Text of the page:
The year 1995 saw many frightening incidents occur in Japan, beginning with the great earthquake in the Kobe-Osaka area. Among these various disasters, the problem with the Aum Shinrikyo (the religious group charged with the Tokyo subway attacks) was astounding. At first, as I watched two representatives of the organization on television (Mr. Joyu and another person), I was puzzled that such handsome, intelligent young men would be involved in such a group, but after seeing them a number of times I came to realize that although they may have the brains in terms of doing well in their studies at school, they were like babies in terms of coping with life as human beings. I got the impression that they were only able to think on the level of middle schoolers. Then it came out that these two were not the only ones, that there were many highly educated people in the organization.
At the same time, I heard on some news program that there are many different and strange religious cults, but that highly educated people do not usually become members of such groups. So I began to wonder what was going on here. We seem to think of the Aum Shinrikyo as an insane organization, but in looking at the situation in a clear-minded manner the responsibility is not all theirs. We (all members of society) must consider why young people with bright futures ahead of them can become followers of such a religion.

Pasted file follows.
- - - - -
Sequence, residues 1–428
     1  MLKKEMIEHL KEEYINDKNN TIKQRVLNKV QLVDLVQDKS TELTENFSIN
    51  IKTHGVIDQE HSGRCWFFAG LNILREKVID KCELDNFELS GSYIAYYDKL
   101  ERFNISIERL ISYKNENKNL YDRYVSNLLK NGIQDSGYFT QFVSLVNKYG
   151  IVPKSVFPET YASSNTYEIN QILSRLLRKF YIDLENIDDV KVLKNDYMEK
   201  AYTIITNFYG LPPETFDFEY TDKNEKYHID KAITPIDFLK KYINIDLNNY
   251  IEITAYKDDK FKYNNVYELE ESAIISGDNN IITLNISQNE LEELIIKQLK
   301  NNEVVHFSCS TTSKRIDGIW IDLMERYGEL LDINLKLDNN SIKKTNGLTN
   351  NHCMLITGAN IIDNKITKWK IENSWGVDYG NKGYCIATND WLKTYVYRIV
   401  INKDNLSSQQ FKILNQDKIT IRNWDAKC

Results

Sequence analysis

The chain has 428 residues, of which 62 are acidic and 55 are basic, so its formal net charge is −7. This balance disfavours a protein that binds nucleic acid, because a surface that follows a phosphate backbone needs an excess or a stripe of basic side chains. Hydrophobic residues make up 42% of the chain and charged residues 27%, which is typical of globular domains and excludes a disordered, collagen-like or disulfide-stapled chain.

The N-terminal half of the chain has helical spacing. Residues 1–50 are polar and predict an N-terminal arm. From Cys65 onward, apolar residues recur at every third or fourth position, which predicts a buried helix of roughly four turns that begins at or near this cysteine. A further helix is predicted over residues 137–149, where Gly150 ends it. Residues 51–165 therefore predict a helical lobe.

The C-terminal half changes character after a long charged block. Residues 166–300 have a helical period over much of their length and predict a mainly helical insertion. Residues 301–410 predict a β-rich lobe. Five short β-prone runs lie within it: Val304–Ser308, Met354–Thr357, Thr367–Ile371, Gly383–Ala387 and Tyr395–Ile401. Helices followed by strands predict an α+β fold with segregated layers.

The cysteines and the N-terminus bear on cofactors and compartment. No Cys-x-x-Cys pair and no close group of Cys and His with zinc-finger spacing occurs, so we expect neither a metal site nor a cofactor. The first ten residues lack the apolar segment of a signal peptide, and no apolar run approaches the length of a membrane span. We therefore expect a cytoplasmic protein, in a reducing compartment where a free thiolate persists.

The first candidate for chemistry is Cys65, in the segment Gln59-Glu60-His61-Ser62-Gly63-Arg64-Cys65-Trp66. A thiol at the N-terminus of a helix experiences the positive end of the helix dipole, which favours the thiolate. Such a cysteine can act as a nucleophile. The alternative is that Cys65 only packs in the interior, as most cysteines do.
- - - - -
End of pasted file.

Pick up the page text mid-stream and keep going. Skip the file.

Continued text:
Medical science has clearly found that the human brain is divided into the left and right brain. The knowledge of the left side and the emotions of the right side must develop together in balance for a person to develop fully as a human being. However, the children of Japan are presently growing under atrocious conditions. The aim of school and academics these days is solely the accumulation of good grades. Children are chastised into thinking that they must get 100% no matter what. Since Japanese society is motivated by such thinking, mothers without social skills or parents who feel that they are well educated are led into a situation where they force school study upon the child. We are teaching children that to be able to excel in school is all you need to become a great person.